Turkey's defense chief on Tuesday reiterated Ankara's support for a resolution to the dispute in the Eastern Mediterranean and Aegean seas through dialogue and under international law and good neighborly relations.
"Let's solve the problems by talking. But, everyone should have seen and understood that we won't submit to any fait accompli, coercion or pressure," said National Defense Minister Hulusi Akar in a video conference meeting.
According to a statement by the ministry, Akar chaired the meeting attended by Chief of General Staff Gen. Yaşar Güler, top force commanders and deputy ministers Yunus Emre Karaosmanoğlu and Alpaslan Kavaklıoğlu.
Expressing Turkey's determination to protect its interests and rights in the Eastern Mediterranean and Aegean, he underlined that the country would also continue to do so for the Turkish Republic of Northern Cyprus (TRNC).
Akar asserted that Ankara was on the side of peace, dialogue, political resolution and negotiations, adding that exploratory talks with Greece should continue.
He voiced support for more meetings under NATO, as well as for a fourth round of talks between Turkey and Greece, two of which had been in Athens, and one in Ankara, so far.
Turkey has consistently opposed Greece's efforts to declare an exclusive economic zone based on small islands near Turkish shores, violating the interests of Turkey, the country with the longest coastline in the Eastern Mediterranean.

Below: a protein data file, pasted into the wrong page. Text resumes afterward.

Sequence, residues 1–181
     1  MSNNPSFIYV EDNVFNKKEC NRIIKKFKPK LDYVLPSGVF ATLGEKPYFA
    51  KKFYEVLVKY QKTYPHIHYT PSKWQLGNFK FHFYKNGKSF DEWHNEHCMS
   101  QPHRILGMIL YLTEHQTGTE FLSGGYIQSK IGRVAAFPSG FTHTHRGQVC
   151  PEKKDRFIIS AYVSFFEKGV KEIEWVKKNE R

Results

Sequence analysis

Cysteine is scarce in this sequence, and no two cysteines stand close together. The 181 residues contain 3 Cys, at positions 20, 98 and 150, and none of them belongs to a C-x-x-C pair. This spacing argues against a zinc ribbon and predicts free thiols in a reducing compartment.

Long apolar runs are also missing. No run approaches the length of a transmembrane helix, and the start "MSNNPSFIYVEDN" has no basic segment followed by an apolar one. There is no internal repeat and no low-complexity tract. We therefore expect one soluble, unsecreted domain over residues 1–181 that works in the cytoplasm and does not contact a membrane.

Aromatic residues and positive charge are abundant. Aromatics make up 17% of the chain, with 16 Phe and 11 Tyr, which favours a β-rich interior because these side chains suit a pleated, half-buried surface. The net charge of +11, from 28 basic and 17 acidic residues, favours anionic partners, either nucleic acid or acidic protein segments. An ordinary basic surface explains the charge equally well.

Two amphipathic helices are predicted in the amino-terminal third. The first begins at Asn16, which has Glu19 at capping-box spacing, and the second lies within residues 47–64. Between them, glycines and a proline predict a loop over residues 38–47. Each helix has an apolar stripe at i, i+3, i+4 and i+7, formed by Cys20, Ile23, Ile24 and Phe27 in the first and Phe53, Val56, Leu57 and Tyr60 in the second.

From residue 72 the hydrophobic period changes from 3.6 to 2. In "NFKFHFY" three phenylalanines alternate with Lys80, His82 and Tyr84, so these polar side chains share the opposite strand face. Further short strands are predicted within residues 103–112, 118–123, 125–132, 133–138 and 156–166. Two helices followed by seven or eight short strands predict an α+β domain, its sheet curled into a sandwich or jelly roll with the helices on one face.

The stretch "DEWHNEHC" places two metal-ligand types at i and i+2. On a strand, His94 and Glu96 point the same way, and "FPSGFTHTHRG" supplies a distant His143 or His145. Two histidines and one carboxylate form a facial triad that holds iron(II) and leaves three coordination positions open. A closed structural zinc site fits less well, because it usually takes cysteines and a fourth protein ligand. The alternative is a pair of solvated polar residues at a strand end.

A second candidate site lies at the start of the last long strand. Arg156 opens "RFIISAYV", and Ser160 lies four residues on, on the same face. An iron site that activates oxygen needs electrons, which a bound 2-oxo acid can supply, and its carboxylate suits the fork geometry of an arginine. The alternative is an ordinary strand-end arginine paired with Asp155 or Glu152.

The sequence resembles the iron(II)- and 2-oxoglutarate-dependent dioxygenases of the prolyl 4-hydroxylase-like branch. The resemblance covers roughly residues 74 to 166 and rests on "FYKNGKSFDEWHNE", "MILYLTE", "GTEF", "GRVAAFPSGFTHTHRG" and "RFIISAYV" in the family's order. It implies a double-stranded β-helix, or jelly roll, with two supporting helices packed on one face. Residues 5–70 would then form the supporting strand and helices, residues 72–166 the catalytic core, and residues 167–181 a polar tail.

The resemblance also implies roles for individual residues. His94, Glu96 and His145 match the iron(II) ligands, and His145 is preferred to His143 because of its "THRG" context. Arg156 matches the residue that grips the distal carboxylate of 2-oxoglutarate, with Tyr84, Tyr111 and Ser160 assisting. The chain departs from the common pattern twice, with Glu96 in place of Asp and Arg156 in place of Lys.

Ankara has also said energy resources near the island of Cyprus must be shared fairly between the TRNC and the Greek Cypriot administration of Southern Cyprus.
Akar stated that Armenia, which violated a recent cease-fire with Azerbaijan in the conflict for Nagorno-Karabakh, continues to hit civilian targets, killing innocent people, including women and children.
Expressing confidence in the Azerbaijani Armed Forces, Akar expressed condolences for Azerbaijani martyrs who lost their lives in the attacks and a speedy recovery for the wounded.
"In their rightful struggle to preserve their territorial integrity and regain their own lands, we'll continue to stand by our Azerbaijani brothers and support them with all our means," Akar said.
New border clashes erupted between the two former Soviet republics on Sept. 27, when Armenia first launched attacks on civil settlements, and since then has continued attacks on civilians and Azerbaijani forces.